Subtext is content underneath the spoken dialogue. Under dialogue, there can be conflict, anger, competition, pride, showing off, or other implicit ideas and emotions. Subtext is the unspoken thoughts and motives of characters — what they really think and believe. Subtext just beneath the surface of dialogue makes life interesting, but it can also cause people to be misunderstood.

Subtext is the message being said without anything being said.  A lot of times it’s the body language or non-verbal communication of the speaker.  For this question is it a good thing to “always” read between the lines when we’re listening?  You know, I’m going to answer a qualified “yes” for this one.  Let me explain.

By qualified I mean that we should be watching the non-verbal clues that people give us – e.g. facial expressions, posture, tone of voice, etc. BUT I don’t think we should “always” be believing what we see.  Interpreting someone else’s body language is, to me, “always” a risky, roll-the-dice move.  We can never be sure that we we are “reading” is what the other person is saying. And yes, trying to interpret someone’s words is just as sketchy.  All of communication, all of effective communication, is a give-take, push-pull, check-suggest activity.

Let’s skip down to the final question.

What’s your sign?

3. Do I make an effort to seem interested in what the other person is saying?

Now, this one should be an “always” for sure right?  Well, if  you’re expecting me to identify a  situation where “always” may not always be good you would be…right on!  But why we would we want to NOT seem interested in what the other person is saying?  When we want to communicate disinterest, of course.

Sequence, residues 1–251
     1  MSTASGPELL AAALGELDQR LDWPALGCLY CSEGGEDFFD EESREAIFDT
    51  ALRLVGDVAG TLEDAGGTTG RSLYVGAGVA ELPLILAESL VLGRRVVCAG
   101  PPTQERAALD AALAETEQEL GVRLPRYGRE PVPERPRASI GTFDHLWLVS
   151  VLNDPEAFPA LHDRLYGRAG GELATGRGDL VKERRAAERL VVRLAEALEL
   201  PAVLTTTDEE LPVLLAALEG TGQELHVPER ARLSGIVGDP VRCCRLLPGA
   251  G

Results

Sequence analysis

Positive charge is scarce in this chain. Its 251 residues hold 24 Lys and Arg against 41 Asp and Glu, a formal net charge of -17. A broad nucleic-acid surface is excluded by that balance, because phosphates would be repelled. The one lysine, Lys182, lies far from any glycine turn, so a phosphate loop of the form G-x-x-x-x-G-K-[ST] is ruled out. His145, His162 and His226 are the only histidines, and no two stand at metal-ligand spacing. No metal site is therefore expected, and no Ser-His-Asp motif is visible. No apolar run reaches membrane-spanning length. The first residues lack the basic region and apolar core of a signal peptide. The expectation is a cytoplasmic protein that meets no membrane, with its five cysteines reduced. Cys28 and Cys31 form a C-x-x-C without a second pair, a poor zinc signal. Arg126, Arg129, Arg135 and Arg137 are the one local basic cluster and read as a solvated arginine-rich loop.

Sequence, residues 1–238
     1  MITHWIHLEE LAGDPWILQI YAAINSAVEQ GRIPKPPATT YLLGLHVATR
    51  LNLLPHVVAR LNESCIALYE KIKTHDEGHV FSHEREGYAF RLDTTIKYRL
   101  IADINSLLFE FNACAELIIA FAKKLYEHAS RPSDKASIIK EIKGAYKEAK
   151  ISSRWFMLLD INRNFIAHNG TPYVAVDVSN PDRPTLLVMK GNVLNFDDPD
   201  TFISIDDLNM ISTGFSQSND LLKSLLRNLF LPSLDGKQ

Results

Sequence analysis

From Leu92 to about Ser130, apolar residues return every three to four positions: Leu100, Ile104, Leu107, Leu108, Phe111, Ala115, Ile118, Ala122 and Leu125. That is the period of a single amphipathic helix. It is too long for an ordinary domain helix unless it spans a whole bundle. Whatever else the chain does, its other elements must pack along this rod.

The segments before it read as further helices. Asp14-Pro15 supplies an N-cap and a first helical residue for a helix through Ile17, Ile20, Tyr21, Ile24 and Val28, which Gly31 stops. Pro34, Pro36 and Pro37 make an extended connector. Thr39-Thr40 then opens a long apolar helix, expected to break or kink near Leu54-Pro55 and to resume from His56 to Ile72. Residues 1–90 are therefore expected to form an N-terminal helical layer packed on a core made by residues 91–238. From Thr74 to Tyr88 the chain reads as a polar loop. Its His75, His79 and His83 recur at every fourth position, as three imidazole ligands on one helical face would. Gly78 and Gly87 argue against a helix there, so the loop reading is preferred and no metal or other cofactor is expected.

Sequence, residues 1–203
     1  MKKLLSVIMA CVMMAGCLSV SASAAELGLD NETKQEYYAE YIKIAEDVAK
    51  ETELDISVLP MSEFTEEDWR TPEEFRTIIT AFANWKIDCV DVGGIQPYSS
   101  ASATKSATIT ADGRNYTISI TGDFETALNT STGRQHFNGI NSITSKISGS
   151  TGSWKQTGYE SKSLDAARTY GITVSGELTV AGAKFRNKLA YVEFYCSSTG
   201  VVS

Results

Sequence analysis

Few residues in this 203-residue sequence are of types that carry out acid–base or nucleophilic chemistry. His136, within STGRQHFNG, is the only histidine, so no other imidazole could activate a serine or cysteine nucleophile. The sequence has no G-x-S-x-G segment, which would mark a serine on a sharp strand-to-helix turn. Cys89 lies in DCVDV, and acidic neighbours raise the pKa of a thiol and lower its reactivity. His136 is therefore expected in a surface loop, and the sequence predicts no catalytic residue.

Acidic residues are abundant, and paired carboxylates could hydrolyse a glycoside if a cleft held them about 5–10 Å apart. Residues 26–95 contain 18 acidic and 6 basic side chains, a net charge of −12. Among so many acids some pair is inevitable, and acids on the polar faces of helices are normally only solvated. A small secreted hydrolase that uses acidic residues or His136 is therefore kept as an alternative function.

My definition of effective communication is when the receiver gets the message the way the sender intends.

My definition of effective communication is when the receiver gets the message the way the sender intends.

 If this is the case, there may indeed be times when I would WANT to communicate disinterest.  Remember, we’re mostly talking about non-verbal communication here so we’d be communicating through eye contact (or the lack of it), smiling/frowning/scowling and other non-verbals.

What if a girl really, really isn’t interested in listening to the stale pickup lines from some guy in line next to her? Should she make an effort to seem interested?  Should she smile and nod encouragingly? Why would she?  She wants to communicate a completely different message.

Here again the “always” answer isn’t always good.  It depends, it depends, it depends.  (Man, I wish I could have found a test in school this.)

For the record, if you had to err towards one end of this answer continuum I think you’d be safe here on the “always” end then on the “never” end.  That’s a straight up “F” grade for listening.  I can no job, situation or circumstance that would support “never” answers for these question.

I’m sure you can find your own exceptions to the “always” answers for these six questions and hope you do.  I also hope that you think about and put into practices the things we’ve looked at, always.  🙂

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Leave a Reply 4 comments

Mike Puckett - September 16, 2010 Reply

Love the Idea of follow your passion. Hey have you ever read Dorothea Brande’s book written in 1936 sold 2 million copies. Good mind healing. I read it on scribd.com
Aloha Kaala

Mike Puckett
Former Pastor and very coggy person

    Anonymous - September 17, 2010 Reply

    Mind healing is always good! So are former pastors and coggy people 😉

    Aloha,
    Kaala

Mike Puckett - September 16, 2010 Reply

Love the Idea of follow your passion. Hey have you ever read Dorothea Brande’s book written in 1936 sold 2 million copies. Good mind healing. I read it on scribd.com
Aloha Kaala

Mike Puckett
Former Pastor and very coggy person

    Kaʻala Souza - September 17, 2010 Reply

    Mind healing is always good! So are former pastors and coggy people 😉 I’ll check out that book too. Just read the intro and if it delivers for real on what its offering it’ll be impressive!

    Aloha,
    Kaala